THE next labor which Eurystheus laid upon Hercules was to clean out a stable.
That does not sound very much after the others. But then the stable was that of Augeas, King of Elis, which was at once the largest and the dirtiest in the whole world.
Augeas had a prodigious number of oxen and goats, and the stable in which they were all kept had never been cleaned. The result was a mountain of filth and litter, which not even Hercules could clear away in a lifetime—not, of course, from want of strength, but from want of time. Hercules beheld with disgust and dismay the loathsome and degrading toil in which he was to spend the rest of his days. The other labors had at least been honorable, and befitting a prince: this would have appalled a scavenger.
"It is very good of such a hero as you," said Augeas, "to undertake to clean my stable. It really does want cleaning, as you see: and it was very kind of Eurystheus to think of it. You shall not find me ungrateful. I will give you one ox and one goat in every ten—when the job is done."
He could very safely promise this, because he knew that the job could never be done.
"I am not serving for hire," said Hercules. "Nevertheless it is only right that you should not let your stable get into such a state as this, and then get it put right for nothing. You want a lesson: and you shall have it, too."
Seeing that mere strength would be wasted in such toil, Hercules went to work with his brain as well. Through the land of Elis ran the river Alpheus, that same Alpheus which had told Ceres what had become of Proserpine. Hercules carefully studied the country; and having laid his plans, dug a channel from near the source of the river to one of the entrances of the stable. Then, damming up the old channel, he let the stream run into the new. The new course was purposely made narrow, so that the current might be exceedingly strong. When all was ready, he opened the sluice at one entrance of the stable, so that the water poured in a flood through the whole building, and out at a gate on the other side. And it had all been so managed that when the river had poured through, and was shut off again, all the filth and litter had been carried away by the Alpheus underground, and the stable had been washed clean, without a scrap of refuse to be found anywhere. For the Alpheus you must know, did not run into the sea, like other rivers. It disappeared down a deep chasm, then ran through a natural tunnel under the sea, and rose again, far away, in the island of Sicily, where it had brought to Ceres the news from underground. Thus everything thrown into it in Elis came up again in Sicily—and the Sicilians must have been considerably astonished at that extraordinary eruption of stable litter. Perhaps it is that which, acting as manure, has helped to make Sicily so fertile.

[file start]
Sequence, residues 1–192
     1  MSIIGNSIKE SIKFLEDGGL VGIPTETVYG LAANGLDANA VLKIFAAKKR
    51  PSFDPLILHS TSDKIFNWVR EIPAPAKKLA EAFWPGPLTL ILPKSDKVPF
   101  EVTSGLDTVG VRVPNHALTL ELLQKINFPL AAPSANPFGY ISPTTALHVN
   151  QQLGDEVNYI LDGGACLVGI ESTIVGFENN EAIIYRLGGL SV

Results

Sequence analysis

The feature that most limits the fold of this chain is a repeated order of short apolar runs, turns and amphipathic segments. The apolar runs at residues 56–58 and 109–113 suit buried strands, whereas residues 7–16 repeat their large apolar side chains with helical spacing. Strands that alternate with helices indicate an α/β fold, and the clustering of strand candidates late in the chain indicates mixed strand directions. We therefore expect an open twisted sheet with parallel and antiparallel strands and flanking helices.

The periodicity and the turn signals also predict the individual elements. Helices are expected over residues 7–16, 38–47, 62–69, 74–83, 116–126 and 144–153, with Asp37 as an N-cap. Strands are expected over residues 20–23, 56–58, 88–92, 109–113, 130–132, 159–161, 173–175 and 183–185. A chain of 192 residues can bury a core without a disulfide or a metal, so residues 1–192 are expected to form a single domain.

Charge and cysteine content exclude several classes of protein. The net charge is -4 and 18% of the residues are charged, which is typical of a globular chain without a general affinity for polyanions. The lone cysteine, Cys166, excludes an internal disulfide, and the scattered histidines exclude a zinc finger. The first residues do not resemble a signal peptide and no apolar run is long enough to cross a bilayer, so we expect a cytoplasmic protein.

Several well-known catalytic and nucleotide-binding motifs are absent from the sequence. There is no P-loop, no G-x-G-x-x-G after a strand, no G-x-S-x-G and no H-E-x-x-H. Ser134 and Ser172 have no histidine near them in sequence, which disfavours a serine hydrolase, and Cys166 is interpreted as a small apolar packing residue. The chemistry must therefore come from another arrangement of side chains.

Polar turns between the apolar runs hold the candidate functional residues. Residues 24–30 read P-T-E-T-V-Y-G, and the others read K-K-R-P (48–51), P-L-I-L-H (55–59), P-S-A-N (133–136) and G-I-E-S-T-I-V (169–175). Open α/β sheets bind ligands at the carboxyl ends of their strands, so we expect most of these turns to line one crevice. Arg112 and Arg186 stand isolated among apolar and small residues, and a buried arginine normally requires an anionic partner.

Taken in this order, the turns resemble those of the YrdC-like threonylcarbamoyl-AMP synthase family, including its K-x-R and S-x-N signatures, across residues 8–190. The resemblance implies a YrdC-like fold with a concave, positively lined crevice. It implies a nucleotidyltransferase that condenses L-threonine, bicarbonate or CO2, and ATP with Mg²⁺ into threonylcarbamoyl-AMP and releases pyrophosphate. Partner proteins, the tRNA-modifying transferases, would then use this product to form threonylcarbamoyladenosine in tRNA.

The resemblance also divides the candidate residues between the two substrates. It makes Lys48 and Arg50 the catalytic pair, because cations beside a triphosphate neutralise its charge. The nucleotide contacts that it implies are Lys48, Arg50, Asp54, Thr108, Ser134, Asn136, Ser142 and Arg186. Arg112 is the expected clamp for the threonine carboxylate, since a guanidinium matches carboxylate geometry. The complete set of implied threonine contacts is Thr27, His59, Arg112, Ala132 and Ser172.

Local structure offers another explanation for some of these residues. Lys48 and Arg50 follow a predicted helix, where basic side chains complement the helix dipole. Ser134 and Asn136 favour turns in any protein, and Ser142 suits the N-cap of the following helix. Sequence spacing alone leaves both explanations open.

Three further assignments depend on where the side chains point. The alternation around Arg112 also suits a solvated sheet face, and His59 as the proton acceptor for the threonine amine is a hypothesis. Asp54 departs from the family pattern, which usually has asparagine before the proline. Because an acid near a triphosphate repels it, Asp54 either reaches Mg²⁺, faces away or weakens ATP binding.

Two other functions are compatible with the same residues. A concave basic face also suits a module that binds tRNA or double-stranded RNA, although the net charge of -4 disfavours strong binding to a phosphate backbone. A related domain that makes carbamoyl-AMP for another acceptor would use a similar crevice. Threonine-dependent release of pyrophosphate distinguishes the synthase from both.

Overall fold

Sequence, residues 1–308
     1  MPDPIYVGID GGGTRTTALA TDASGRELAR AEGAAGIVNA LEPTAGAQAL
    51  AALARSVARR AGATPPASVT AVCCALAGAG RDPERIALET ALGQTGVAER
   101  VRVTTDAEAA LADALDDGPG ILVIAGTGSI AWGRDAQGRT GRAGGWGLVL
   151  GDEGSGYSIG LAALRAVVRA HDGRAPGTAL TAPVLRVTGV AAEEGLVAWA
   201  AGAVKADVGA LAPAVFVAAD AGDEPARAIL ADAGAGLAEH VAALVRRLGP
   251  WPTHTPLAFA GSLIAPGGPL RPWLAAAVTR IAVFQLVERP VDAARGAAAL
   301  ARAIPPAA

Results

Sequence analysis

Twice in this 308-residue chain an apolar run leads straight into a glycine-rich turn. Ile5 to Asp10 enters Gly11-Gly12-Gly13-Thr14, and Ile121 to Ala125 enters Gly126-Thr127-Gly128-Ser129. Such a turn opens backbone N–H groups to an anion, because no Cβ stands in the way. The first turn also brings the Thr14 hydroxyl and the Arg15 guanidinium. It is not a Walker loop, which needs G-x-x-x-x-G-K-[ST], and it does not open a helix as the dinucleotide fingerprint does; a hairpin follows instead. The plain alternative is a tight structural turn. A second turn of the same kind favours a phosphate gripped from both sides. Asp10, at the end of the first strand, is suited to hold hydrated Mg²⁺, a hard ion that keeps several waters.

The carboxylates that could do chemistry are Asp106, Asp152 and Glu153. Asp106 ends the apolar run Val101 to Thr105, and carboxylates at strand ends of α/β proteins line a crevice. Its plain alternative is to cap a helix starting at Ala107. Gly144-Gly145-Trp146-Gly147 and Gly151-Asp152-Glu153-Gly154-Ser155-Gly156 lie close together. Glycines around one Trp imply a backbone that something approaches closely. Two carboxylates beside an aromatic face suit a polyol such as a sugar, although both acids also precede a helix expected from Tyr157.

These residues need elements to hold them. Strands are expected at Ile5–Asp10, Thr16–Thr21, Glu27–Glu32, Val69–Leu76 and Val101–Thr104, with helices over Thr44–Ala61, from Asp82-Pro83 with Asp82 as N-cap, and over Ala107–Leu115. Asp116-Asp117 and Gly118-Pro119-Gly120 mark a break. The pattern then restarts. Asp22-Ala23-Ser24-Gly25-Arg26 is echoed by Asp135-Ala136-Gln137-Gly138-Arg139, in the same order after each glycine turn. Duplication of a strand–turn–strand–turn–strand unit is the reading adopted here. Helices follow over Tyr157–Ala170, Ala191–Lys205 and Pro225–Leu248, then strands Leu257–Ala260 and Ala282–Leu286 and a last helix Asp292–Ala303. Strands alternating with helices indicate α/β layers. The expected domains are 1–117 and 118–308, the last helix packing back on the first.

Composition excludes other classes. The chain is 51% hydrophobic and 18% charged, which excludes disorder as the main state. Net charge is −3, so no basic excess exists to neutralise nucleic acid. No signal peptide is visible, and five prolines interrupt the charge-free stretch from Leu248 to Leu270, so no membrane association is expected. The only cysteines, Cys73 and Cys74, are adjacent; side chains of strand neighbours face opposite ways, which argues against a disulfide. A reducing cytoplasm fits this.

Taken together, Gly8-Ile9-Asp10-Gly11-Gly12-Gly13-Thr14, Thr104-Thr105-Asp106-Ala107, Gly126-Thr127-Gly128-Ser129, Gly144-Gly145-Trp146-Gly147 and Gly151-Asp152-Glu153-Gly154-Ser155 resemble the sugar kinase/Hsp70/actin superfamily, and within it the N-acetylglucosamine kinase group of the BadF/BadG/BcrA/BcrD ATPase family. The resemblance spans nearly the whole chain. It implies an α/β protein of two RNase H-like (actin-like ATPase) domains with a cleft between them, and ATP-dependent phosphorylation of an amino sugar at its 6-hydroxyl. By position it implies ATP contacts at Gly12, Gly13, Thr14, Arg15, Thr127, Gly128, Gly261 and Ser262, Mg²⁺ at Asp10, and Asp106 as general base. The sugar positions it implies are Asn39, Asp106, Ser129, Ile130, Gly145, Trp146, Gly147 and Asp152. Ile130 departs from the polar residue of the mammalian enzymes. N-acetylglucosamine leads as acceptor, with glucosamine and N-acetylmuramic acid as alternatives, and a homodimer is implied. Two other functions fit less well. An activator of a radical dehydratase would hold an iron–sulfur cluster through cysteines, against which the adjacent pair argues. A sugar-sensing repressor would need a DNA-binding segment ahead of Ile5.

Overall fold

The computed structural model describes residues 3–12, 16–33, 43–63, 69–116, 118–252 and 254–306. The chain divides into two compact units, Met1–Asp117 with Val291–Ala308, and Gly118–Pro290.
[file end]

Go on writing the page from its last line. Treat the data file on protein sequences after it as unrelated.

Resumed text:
Hercules made a point of claiming his price. But Augeas said:—
"Nonsense! A bargain is a bargain. You undertook to clean my stable: and you have done nothing of the kind. No work, no pay."
"What can you mean?" asked Hercules. "Surely I have cleaned your stable—you will not find in it a broken straw."
"No," said Augeas. "It was the Alpheus did that: not you."
"But it was I who used the Alpheus—"
"Yes; no doubt. But the impudence of expecting me to pay a tenth of all my flocks and herds for an idea so simple that I should have thought of it myself, if you hadn't, just by chance, happened to think of it before me! You have not earned your wages. You cleaned the stable by an unfair trick: and it was the river cleaned it—not you."
"Very well," said Hercules grimly. "If you had paid me honestly, I would have given you your goats and your oxen back again; for, as I told you, I do not serve for reward. But now I perceive that I have not quite cleaned your stable. There is still one piece of dirt left in it—and that is a cheating knave, Augeas by name. So, as I cannot go back to Mycenæ till my work is done—"
He was about to throw Augeas into the river, to follow the rest of the litter: and about what afterwards happened, different people tell different things. I very strongly agree, however, with those who tell that Hercules spared the life of Augeas after having given him a lesson: for certainly he was not worth the killing. And I am the more sure of this because, after his death, Augeas was honored as hero—which surely would not have happened if he had not learned to keep both his stables and his promises clean before he died.